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Book Review - Gemini Ascending Book 1 - Eternal Twins by Mark John Terranova
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Reader Views
Book reviews, by readers, for readers 
By Reader Views
Published on 02/16/2018
 
Terranova plants the seeds for an intriguing series with this first installment.

Book Review - Gemini Ascending Book 1 - Eternal Twins by Mark John Terranova

GEMINI ASCENDING BOOK 1: ETERNAL TWINS

Mark John Terranova
Outskirts Press (2017)
ISBN 9781478778707
Reviewed by Skyler Boudreau for Reader Views (12/17)

“Gemini Ascending Book 1: Eternal Twins” by Mark John Terranova is a fantasy novel following the mysterious James Montgomery, born in the 17th century, as he searches for his lost fraternal twin in the modern world. Following multiple perspectives, the reader watches the story progress from every side with a plethora of characters.        

The opening sentence draws the reader in from the beginning and the rest of the first chapter sets up a unique narrative. The prose is poetic but not convoluted. Unfortunately, that doesn’t carry on beyond the first chapter. As the book progresses, the prose retains its lyrical tone but dissolves into a tool for information dumping instead of truly progressing the story.         

Several different plotlines with very different narrators are thrown at the reader within the first few chapters and it is difficult to keep track of them all. I found myself rereading entire chapters and taking physical notes to do so.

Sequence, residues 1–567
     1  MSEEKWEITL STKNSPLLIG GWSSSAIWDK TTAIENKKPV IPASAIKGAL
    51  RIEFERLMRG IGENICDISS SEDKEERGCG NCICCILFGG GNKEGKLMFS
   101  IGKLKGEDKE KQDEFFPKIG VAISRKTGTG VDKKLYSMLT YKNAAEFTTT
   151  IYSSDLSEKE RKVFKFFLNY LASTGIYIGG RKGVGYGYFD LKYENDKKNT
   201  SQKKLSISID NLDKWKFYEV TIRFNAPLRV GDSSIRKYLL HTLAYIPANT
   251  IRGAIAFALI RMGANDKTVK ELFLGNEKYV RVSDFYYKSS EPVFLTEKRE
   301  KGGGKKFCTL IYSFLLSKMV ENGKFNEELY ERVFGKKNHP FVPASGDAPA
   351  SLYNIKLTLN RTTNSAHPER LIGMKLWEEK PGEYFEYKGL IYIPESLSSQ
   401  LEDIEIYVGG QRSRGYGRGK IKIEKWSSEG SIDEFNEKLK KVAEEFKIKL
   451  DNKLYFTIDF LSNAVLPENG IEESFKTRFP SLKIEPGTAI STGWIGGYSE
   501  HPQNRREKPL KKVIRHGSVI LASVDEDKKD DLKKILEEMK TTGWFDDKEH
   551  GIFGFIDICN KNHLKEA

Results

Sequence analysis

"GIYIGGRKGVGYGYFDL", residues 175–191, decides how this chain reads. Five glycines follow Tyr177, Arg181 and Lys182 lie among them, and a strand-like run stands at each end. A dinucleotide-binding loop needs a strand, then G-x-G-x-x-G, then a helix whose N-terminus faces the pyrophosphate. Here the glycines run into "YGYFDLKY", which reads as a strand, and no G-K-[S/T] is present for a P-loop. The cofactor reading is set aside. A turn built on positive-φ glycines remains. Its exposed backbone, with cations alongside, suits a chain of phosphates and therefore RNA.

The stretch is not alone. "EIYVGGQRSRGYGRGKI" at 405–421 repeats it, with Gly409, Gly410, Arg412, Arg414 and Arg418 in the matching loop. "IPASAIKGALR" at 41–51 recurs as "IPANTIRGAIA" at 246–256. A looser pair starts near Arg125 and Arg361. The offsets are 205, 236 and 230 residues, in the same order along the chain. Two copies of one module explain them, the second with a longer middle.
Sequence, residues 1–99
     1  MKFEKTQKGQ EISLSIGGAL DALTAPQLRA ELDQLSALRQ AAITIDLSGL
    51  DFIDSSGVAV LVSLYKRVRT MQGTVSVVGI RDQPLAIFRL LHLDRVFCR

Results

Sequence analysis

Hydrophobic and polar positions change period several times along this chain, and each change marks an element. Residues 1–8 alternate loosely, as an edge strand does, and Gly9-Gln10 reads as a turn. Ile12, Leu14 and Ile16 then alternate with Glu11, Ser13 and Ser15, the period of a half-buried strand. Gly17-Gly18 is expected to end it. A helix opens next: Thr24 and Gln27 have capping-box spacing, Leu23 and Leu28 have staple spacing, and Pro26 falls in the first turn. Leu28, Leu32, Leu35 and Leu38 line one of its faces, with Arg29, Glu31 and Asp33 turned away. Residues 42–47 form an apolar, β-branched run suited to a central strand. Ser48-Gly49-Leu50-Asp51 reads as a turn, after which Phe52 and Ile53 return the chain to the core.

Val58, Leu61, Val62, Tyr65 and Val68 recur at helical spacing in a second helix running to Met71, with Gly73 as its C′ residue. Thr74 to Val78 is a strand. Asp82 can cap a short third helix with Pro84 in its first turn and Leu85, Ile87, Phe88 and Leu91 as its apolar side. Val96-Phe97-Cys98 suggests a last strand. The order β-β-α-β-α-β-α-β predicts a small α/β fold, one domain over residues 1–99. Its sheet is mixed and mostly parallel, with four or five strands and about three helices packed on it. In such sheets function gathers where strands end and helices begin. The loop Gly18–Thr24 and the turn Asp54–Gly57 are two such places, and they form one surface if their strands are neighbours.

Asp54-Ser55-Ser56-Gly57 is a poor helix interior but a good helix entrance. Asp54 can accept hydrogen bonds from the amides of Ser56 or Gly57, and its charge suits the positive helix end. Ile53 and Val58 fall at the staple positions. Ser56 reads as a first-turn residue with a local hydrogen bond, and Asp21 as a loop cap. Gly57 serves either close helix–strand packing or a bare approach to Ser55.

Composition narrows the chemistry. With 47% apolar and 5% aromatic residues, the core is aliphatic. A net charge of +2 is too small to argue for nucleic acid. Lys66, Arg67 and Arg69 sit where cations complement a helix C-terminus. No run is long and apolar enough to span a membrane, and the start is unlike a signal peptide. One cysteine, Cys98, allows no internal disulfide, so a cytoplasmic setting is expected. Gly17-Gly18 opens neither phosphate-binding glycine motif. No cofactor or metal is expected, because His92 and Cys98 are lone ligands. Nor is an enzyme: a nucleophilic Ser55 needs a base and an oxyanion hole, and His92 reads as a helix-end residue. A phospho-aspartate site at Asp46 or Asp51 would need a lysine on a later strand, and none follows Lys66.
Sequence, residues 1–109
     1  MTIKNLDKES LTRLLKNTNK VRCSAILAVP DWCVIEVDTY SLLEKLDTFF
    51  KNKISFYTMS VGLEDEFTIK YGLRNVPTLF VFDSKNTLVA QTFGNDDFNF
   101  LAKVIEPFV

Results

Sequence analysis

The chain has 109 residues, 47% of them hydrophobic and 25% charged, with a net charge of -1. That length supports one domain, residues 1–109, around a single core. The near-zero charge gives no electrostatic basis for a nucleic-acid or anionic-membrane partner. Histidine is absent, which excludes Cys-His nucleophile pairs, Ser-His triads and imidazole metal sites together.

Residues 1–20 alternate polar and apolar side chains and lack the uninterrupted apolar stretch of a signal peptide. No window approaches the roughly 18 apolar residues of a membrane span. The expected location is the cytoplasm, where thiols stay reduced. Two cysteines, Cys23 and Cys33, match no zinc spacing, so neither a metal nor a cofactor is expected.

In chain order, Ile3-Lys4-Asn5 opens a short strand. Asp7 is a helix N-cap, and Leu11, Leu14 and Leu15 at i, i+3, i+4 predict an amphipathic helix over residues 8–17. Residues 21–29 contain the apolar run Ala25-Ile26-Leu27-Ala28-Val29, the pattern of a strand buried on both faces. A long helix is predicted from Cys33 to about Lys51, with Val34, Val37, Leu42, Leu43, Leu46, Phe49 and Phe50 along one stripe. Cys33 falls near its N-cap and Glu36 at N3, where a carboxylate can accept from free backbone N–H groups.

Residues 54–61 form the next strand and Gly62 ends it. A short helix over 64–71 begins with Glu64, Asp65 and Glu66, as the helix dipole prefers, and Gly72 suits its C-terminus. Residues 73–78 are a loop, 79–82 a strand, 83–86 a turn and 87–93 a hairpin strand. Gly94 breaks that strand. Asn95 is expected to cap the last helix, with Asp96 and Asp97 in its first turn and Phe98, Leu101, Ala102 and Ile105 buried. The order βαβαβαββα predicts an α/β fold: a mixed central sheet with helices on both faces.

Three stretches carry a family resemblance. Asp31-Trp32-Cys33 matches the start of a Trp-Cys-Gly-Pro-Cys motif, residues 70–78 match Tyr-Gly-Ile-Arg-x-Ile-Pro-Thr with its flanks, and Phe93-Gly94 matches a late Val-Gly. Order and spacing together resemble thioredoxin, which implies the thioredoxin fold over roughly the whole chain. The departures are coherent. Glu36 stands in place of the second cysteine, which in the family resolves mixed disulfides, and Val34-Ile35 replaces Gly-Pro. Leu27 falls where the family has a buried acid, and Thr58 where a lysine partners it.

The point of view jumping quickly becomes less entertaining, and more of a hindrance to the main plot’s progression. It is swamped with a multitude of narrators that could have been more useful as background characters.     

There is an overwhelming amount of dialogue that reads awkwardly and is insufficiently tagged, with long passages where it is unclear who is speaking. Oftentimes the dialogue just repeats things that have already been stated by the prose, reiterating old pieces of information.

The overall story itself is an interesting one, once the reader figures out which characters they should be paying attention to. The main issue is that the reader is constantly pulled out of the story while they try to make sense of the dialogue. Most of the characters are also unlikable. I didn’t sympathize with any of them and found myself far more interested in the plot itself. For that reason, I would have to recommend this novel to more plot-driven readers, as I find it unlikely many people will get anything out of the characters themselves.         

Mark John Terranova plants the seeds for an intriguing series with this first installment, “Gemini Descending.” The writing has time to improve throughout this adventure, and the plot itself is interesting enough to carry readers forward. Strengthening the dialogue and prose can only make this story stronger. A series, no matter how many books, should grow far beyond its starting place by the time it reaches the end.